*Newman, John Henry
Newman, John Henry
It is a curious paradox that, while John Henry Newman was essentially an “occasional” writer who wrote comparatively few books as such, nevertheless two of his most famous booklength works contain the word “essay” in their titles: An Essay on the Development of Christian Doctrine (1845) and An Essay in Aid of a Grammar of Assent (1870). In fact, the Development of Christian Doctrine was never finished, so in that sense it remains an “essay” or attempt at a larger work; while the dry and abstract opening of the Grammar of Assent is so unlike Newman’s usual personal manner as to remind us that the intention to sit down to write a treatise was far from his normal method of proceeding. This can be seen by comparing it with his other chief philosophical work, the Oxford University Sermons (1843), where he adumbrates some of his most original ideas in the form of some brilliantly stimulating essays, albeit ostensibly sermons on Scripture texts. Indeed, the concluding sermon, “The Theory of Developments in Religious Doctrine,” which took an hour and a half to deliver, is based on simple and familiar words from the New Testament (“Mary kept all these things, and pondered them in her heart”), but is in fact a theological essay that is arguably a better and clearer exposition of his views than the full-length book which it anticipated.
It is hardly a cause for surprise that Newman never wrote, or even contemplated writing, a work of spirituality. Rather, it is to his sermons, preached for specific occasions and to specific congregations, that we must turn for the most concentrated expression of his thoughts on the spiritual life. As well as the more intellectual Oxford University Sermons, there were nine volumes of Anglican sermons published, as opposed to only two volumes for the Catholic period, when, except on more formal occasions, he preached extempore from notes rather than read from a prepared text as he had done as the Vicar of the University Church of St. Mary’s in Oxford. There, Sunday by Sunday, his eyes fixed on his manuscript, he had read out those expositions of the Scripture readings which made such a profound impression on those who heard him, although they were delivered without any attempt at oratorical effect: apart from the legendary low, musical voice and lengthy pregnant pauses, the effect came totally from the words.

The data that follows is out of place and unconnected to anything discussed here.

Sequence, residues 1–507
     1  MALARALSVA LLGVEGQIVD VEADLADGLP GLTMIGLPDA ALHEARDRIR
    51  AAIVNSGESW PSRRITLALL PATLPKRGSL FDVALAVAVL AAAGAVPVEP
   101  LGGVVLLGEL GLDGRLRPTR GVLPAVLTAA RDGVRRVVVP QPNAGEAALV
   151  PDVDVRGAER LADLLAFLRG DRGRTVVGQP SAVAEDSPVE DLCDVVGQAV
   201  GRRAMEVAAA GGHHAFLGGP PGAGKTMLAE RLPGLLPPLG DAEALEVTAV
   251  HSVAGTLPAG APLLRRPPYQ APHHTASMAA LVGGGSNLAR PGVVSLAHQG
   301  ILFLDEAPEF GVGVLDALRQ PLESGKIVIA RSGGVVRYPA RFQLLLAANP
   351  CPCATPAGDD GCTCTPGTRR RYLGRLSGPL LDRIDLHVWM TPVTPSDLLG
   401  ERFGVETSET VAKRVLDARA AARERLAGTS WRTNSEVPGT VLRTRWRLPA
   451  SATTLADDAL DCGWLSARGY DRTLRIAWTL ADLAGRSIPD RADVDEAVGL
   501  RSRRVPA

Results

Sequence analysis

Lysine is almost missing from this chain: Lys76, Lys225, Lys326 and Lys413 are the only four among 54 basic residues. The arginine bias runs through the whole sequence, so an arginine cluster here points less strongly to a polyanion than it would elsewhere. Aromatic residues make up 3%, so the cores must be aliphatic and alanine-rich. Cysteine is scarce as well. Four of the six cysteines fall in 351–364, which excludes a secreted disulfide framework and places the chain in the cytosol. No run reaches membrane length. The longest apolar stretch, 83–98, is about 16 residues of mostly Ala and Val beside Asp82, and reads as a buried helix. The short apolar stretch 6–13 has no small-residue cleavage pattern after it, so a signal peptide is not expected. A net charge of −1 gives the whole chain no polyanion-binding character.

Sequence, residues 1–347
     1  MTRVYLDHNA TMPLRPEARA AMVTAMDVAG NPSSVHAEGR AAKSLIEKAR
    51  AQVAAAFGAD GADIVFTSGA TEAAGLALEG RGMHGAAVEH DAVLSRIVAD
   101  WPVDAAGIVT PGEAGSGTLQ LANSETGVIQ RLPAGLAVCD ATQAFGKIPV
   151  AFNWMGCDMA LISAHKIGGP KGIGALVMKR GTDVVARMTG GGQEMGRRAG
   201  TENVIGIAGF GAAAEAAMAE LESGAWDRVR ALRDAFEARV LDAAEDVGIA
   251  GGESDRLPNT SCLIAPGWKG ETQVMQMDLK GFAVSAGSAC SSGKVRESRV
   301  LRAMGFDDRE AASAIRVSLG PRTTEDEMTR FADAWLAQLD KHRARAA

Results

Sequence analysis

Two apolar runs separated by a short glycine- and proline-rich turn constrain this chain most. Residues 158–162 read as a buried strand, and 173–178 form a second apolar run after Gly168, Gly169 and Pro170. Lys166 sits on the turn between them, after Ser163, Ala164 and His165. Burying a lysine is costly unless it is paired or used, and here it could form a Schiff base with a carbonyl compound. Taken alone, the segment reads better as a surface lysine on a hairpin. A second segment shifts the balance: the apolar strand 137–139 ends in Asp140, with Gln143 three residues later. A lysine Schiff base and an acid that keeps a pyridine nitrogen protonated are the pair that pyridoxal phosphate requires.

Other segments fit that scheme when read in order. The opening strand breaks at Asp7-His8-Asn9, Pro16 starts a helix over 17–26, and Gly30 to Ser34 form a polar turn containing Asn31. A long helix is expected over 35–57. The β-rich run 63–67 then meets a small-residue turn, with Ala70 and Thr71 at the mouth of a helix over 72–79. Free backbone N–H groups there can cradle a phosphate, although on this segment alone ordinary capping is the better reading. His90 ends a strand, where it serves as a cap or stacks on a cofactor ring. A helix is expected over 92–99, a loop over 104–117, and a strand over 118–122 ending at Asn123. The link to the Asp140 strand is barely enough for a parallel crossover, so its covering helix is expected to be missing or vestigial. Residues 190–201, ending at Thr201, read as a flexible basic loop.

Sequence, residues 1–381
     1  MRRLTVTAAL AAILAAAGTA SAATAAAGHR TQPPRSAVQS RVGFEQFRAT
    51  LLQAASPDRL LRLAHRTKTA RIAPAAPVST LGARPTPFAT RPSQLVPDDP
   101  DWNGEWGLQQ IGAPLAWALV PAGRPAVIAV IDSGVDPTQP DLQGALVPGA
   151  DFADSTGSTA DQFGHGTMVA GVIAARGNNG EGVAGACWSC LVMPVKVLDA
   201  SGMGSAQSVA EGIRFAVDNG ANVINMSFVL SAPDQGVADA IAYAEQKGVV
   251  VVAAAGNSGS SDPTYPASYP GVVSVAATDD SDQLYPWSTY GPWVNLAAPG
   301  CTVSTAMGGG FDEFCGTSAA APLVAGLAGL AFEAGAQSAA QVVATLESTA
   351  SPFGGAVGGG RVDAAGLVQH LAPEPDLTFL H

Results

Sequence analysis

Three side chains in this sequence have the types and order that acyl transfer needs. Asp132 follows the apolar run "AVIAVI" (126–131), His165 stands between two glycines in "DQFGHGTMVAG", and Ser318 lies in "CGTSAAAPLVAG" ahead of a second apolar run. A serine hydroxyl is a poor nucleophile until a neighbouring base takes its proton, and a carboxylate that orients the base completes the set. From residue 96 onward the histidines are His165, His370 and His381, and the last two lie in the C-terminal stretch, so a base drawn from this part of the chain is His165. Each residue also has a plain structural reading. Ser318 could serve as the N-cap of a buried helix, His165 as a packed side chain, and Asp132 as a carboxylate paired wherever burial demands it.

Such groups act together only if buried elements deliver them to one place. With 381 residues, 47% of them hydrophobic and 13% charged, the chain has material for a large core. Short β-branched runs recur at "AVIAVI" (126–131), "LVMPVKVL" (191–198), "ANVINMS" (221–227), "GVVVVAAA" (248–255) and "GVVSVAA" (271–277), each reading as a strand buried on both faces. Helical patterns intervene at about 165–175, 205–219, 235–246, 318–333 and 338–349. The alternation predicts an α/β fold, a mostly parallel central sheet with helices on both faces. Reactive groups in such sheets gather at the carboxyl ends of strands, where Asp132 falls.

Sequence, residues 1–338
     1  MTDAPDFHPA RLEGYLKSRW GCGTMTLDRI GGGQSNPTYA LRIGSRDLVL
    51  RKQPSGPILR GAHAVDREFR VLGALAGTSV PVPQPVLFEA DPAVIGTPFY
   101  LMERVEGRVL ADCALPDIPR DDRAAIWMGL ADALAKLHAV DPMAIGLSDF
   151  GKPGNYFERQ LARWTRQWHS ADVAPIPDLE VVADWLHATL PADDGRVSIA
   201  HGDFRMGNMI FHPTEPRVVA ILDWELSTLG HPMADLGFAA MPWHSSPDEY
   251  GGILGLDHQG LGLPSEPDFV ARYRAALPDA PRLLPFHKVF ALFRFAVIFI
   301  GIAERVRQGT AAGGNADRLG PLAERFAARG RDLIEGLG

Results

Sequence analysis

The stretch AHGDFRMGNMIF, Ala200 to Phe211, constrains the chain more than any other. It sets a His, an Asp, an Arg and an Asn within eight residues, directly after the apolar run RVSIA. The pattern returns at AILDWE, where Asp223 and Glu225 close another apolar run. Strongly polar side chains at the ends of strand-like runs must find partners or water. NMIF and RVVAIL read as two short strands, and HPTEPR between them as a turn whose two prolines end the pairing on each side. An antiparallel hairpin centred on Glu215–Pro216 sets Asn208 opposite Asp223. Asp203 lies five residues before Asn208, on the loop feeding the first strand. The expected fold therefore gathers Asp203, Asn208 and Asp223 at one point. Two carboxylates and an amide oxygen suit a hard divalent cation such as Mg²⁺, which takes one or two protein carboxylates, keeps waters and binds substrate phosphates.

Again, the style was conversational rather than rhetorical as the preacher, on the one hand, drew out the thought of the Greek Fathers which had so influenced him but which sounded so unfamiliar a note in the context of Victorian Protestantism; and, on the other hand, seemed to look into the very souls of his hearers with his extraordinarily keen insight into the nature of fallen humanity.